18. What are your thoughts on American convenience stores?

Markey: I have some fun memories of going to 7-Eleven to get a Slurpee. But in terms of food, not so much. I feel this is something we need to export internationally.

19. How do you sell someone on the Japanese konbini experience?

Savas: I think going right to the hot box, the thing that scares people the most about an American convenience store. I heard from my mom the other day that she wants to go to Japan just to have a Famichiki. I’ve convinced my mom that konbini are great because of boneless fried chicken.

20. How would you improve the konbini experience?

Markey: The konbini, especially in rural areas, plays such an important role in the general infrastructure and backbone of society. Students go there, people eat there before going to work, the elderly like the convenience and in some cases that’s all they have in terms of getting groceries. I think they should nationalize konbini, but still give them the ability to be as creative and free as they are right now. I do think there’s something unique about how essential konbini are to Japanese society.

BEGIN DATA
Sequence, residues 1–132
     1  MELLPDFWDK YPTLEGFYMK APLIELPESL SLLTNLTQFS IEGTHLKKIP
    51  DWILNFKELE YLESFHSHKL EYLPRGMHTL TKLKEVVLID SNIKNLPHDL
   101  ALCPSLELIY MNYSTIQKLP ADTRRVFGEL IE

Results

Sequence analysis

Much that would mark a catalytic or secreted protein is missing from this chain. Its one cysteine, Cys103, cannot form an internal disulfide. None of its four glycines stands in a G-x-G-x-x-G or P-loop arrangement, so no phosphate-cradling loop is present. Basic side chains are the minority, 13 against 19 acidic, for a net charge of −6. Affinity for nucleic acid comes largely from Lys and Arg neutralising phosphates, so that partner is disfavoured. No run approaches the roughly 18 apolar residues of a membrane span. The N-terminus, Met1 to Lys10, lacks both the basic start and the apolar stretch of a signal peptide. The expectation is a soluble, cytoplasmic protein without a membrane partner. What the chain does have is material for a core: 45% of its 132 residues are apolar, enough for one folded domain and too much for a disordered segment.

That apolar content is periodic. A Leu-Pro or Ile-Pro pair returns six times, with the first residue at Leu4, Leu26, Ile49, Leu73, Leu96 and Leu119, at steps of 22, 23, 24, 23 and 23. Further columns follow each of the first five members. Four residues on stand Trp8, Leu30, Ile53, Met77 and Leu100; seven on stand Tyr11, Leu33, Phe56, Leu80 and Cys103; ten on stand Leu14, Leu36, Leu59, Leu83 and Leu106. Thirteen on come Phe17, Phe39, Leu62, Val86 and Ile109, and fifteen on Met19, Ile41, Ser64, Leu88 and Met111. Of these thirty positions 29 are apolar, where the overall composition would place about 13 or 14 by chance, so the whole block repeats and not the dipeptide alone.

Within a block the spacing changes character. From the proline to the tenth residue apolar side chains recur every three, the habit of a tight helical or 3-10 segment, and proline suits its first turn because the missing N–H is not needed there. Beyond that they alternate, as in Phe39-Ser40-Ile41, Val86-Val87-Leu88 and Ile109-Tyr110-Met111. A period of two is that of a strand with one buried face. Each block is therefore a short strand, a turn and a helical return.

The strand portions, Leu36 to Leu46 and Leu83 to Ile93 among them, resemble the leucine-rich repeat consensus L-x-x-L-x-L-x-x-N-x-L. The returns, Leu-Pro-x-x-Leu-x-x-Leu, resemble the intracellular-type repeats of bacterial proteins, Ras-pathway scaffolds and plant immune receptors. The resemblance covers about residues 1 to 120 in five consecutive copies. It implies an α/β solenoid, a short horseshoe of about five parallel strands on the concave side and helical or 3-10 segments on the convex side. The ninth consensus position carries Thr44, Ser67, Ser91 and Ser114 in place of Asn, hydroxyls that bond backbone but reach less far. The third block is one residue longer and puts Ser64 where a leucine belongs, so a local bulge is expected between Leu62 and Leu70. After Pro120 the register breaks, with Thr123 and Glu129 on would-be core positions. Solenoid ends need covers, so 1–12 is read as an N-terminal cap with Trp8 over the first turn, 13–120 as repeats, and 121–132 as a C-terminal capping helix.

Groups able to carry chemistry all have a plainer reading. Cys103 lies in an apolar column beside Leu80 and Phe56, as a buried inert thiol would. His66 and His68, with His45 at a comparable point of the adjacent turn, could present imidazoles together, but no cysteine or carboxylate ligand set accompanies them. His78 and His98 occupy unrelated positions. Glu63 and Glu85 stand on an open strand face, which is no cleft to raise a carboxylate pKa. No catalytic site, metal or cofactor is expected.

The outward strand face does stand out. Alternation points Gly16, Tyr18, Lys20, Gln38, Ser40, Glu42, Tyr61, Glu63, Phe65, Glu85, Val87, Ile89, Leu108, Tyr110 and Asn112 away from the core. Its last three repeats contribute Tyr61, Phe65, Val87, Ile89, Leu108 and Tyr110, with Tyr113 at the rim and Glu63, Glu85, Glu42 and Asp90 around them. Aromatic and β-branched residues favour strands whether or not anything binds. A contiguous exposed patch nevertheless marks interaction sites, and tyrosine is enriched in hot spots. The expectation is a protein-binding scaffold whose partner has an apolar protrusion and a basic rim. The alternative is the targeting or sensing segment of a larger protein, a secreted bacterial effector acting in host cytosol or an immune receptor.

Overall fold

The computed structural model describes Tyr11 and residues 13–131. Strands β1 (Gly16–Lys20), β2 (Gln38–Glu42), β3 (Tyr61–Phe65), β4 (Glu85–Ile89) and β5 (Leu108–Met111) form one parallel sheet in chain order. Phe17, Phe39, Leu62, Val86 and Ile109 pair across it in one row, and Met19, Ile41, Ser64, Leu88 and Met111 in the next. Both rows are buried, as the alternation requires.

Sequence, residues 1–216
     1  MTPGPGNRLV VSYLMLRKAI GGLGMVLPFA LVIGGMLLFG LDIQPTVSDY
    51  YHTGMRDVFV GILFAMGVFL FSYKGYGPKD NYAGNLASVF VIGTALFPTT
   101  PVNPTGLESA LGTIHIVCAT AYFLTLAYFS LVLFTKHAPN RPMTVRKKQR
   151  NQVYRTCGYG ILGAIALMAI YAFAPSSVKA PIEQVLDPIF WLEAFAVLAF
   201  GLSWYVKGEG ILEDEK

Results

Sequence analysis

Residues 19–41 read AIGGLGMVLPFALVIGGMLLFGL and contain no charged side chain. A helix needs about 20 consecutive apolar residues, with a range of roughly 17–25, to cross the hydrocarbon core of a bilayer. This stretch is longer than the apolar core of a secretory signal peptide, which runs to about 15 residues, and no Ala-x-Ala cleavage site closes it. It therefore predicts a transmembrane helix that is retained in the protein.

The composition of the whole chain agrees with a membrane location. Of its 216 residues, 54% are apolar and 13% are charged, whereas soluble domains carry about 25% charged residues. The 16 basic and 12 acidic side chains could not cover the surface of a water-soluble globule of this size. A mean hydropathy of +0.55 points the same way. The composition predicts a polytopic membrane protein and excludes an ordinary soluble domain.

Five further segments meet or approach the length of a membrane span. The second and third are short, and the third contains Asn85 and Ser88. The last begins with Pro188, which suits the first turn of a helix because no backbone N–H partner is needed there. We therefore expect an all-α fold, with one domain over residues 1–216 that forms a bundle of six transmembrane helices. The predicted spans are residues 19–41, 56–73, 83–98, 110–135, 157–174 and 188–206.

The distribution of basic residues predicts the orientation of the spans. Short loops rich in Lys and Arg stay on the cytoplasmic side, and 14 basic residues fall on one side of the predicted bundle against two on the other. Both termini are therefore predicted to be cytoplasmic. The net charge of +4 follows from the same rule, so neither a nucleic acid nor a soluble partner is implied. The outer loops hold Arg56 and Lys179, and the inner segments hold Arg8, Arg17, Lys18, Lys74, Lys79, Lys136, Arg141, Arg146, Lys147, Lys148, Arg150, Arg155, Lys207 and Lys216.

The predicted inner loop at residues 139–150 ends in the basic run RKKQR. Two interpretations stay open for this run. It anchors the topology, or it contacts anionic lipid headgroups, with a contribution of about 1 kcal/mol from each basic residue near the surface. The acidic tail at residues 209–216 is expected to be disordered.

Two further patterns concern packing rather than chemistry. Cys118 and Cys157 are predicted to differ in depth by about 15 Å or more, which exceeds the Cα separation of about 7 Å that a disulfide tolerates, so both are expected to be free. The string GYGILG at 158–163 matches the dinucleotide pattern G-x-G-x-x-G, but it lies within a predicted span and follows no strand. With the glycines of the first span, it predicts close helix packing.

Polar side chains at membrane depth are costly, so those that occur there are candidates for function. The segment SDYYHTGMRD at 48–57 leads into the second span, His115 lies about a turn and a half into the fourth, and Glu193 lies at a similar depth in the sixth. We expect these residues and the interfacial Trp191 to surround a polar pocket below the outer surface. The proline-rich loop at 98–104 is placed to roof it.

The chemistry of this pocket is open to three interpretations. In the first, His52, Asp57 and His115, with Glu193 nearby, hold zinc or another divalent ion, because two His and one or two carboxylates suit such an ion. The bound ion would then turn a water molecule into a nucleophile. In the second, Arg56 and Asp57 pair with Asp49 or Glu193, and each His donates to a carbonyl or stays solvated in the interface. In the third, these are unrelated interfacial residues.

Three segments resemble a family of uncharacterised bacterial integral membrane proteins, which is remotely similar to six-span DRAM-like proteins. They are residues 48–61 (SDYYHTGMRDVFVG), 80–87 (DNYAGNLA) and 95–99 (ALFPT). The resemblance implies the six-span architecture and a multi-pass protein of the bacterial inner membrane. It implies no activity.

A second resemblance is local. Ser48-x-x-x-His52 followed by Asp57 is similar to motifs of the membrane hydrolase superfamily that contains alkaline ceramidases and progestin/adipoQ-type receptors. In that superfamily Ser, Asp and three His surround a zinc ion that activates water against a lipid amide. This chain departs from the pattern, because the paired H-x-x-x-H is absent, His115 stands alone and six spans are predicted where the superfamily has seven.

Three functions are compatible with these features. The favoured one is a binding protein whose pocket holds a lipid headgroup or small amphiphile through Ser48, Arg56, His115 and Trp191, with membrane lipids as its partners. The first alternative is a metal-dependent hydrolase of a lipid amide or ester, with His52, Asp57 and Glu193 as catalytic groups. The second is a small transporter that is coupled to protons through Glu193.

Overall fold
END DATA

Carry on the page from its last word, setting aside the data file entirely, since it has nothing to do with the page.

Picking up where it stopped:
Follow the Conbini Boys on Twitter and check out their podcast on your preferred platform.

In a time of both misinformation and too much information, quality journalism is more crucial than ever.
By subscribing, you can help us get the story right.

SUBSCRIBE NOW

PHOTO GALLERY (CLICK TO ENLARGE)